As such, when you and Emily ran more than 15 feet away from Mom and your babysitter, you immediately became hopelessly lost. And, because kindergarten clearly failed to teach you that whole “if you get lost, stay where you are” lesson, you decided to take advice from Scooby-Doo, which, FYI, is a fictional cartoon. So, in Scooby-Doo fashion (and forgetting that the gang separating always turned out to be a bad idea), you told young Emily that the two of you should “split up and go different ways, and meet up when you find Mom.” Like most 3-year-olds, Emily was little more than an adorable potato with legs; sending a lone bipedal potato out into a crowded mall to find her mother can only be viewed as evidence that you secretly hated her and hoped she would be lost forever.
Thankfully (or unfortunately, if I am right in assuming your intentions were malicious), Emily was found a short time later by the babysitter. She had a great time playing with some other kid she found (ah, the simplicity of childhood), so really, all’s well that ends well. As for you, a random lady who was thankfully not a kidnapper noticed you wandering about with the (un)certainty of Present Sam navigating adulthood. She took pity on you and brought you to the customer service station, and a security guard escorted you back to your flustered mother. I hope you learned your lesson.
Dear 6-year-old Sam,
I know you really fucking love Pokémon. I get it. At 23, I still really fucking love Pokémon. Pokémon Go is basically all I have to live for. What’s Pokémon Go, you may ask? Well, I don’t want to spoil the surprise, but basically, in about 17 years’ time, all your Pokémon dreams will come true.
But I digress. Anyway, I really think there are other ways to publicly display your love for Pokémon that don’t involve carrying around a life-sized stuffed Charmander. The other kids already think you’re pretty weird due to the fact that you like to chase boys and try to kiss them as they run away screaming (and I regret to inform you that both your flirting skills and your success rates have only gotten worse with age). You’re already “Kissy Girl”. Please stop this before you also become Pikachu Girl, which I assure you, will happen in a matter of a couple years.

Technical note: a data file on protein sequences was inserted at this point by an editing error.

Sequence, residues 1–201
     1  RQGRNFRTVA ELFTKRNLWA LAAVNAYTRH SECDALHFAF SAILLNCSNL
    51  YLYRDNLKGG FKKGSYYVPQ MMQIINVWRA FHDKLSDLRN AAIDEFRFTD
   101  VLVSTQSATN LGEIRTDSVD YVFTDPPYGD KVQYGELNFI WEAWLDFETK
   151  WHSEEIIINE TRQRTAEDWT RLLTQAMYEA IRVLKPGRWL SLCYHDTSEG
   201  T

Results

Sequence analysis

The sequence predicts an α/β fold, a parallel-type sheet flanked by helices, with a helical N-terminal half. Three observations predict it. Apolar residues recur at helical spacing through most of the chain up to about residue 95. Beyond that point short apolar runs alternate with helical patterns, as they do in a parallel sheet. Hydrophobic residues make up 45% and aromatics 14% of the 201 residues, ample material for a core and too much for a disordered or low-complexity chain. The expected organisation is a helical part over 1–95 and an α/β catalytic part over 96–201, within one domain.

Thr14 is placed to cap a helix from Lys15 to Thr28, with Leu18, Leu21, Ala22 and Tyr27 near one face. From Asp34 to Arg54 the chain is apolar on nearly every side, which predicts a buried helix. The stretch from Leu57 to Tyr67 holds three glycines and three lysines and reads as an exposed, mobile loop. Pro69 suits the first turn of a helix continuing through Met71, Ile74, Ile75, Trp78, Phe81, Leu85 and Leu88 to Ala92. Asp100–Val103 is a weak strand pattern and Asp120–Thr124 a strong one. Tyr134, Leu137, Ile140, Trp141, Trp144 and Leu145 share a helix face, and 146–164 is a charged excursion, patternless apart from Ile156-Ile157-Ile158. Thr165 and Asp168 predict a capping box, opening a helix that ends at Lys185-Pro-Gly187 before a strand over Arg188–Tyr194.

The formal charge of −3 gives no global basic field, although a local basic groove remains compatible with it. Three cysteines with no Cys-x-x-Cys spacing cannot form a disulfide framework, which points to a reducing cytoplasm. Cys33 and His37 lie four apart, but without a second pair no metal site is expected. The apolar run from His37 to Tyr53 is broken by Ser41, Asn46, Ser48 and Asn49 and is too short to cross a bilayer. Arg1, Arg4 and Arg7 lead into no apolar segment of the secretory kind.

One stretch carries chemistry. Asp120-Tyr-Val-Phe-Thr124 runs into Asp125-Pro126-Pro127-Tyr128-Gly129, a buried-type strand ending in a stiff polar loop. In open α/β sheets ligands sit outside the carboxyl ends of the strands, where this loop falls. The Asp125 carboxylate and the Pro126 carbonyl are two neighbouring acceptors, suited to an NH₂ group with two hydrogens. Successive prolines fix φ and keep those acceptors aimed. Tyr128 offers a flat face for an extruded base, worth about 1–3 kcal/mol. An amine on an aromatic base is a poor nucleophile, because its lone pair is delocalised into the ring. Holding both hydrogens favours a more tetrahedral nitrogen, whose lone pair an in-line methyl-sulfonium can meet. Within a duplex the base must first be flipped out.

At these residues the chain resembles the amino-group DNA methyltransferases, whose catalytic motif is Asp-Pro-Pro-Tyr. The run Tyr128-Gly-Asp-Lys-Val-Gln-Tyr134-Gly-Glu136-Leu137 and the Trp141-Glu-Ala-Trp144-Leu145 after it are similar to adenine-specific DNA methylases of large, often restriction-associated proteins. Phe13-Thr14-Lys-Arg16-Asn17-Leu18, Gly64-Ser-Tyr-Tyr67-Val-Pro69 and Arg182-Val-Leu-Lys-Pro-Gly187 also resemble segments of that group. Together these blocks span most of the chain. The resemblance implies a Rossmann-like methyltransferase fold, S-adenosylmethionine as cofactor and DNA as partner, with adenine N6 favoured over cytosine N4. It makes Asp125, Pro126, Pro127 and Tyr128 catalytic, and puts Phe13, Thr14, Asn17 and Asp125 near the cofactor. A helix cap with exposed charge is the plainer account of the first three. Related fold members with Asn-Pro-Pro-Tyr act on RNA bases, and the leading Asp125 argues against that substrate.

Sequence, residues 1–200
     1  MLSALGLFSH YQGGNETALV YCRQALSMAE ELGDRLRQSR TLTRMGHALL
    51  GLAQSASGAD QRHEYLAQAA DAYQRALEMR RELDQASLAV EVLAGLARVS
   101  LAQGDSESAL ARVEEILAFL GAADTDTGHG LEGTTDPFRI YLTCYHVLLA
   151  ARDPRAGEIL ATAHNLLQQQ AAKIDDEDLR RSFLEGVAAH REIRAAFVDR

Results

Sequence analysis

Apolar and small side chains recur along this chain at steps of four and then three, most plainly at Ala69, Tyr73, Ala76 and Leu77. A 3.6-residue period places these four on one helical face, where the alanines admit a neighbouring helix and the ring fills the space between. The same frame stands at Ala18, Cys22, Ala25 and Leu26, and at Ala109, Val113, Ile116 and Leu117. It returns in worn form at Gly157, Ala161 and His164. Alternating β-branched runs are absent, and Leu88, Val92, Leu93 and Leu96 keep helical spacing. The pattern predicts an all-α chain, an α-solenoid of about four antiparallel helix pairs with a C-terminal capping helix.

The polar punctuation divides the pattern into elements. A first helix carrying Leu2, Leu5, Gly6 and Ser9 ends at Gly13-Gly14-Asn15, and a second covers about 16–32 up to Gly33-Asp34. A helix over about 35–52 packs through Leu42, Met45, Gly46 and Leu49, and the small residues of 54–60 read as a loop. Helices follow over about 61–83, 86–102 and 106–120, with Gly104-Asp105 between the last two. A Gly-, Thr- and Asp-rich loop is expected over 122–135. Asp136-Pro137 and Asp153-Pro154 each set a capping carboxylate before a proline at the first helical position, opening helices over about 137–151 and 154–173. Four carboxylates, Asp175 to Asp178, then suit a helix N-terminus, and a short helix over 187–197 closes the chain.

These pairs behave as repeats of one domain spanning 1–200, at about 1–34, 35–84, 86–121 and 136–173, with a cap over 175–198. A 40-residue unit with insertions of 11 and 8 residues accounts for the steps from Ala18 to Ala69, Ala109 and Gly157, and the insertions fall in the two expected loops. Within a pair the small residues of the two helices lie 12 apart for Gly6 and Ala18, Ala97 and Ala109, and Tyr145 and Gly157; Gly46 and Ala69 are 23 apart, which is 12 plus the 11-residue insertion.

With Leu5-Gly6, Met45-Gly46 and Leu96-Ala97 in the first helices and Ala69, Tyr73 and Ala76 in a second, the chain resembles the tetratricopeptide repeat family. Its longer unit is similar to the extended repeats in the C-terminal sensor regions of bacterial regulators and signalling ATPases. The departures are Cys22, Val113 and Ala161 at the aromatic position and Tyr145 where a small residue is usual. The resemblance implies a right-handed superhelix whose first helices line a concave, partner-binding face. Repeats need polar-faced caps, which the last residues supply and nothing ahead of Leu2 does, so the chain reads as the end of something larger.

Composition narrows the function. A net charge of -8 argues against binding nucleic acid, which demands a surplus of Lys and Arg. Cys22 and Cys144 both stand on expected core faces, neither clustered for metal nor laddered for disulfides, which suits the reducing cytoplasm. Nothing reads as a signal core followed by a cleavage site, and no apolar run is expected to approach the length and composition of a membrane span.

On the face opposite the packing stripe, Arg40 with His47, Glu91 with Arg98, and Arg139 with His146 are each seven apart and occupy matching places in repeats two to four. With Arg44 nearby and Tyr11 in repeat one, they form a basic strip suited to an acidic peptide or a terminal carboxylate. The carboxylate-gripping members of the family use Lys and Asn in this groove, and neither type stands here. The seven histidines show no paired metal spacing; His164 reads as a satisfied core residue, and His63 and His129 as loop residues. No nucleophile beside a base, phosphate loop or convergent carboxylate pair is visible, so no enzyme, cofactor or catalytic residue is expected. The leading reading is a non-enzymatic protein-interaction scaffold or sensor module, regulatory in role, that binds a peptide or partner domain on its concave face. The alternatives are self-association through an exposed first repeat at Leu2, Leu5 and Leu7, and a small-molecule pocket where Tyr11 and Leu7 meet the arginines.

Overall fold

Even if we ignore the weirdness factor (which is really only fair; most 6-year-olds are pretty weird), there’s still safety to consider. Charmander is literally the same size as you. You’re not the most sure-footed of children (even in adulthood, this flaw has not been remedied), thus making me wonder if you harbour a taste for masochism. Poor Charmander is being dragged, dropped, and tripped on the daily. Surely his companionship isn’t worth the scraped knees?
I’m only trying to save you trauma. Think about it; if you hadn’t brought Charmander to school, you wouldn’t have forgotten him in the cubby area, and you would have saved yourself hours of upset and begging Mom to track down the janitor to unlock the classroom door. Don’t be that kid.
On an unrelated note, I also wanted to congratulate you on this artistic masterpiece. You clearly worked very hard on it, and it deserves wider recognition beyond the mere refrigerator gallery it was delegated to.
Dear 12-year-old Sam,
As you enter your preteen/teenage years, I have but four pieces of advice for you:
- Please don’t dye your hair blonde.
- Please let Mom pluck your eyebrows and teach you how to fill them in.
- Please don’t buy that sparkly pink lip gloss.
- Giving boys your goldfish crackers at lunch won’t make them love you.
Dear other iterations of past Sam that I did not personally address,
Sorry girl. You’re on your own. I wish I could say that everything turns out fabulously in the end, but I don’t want to lie to you.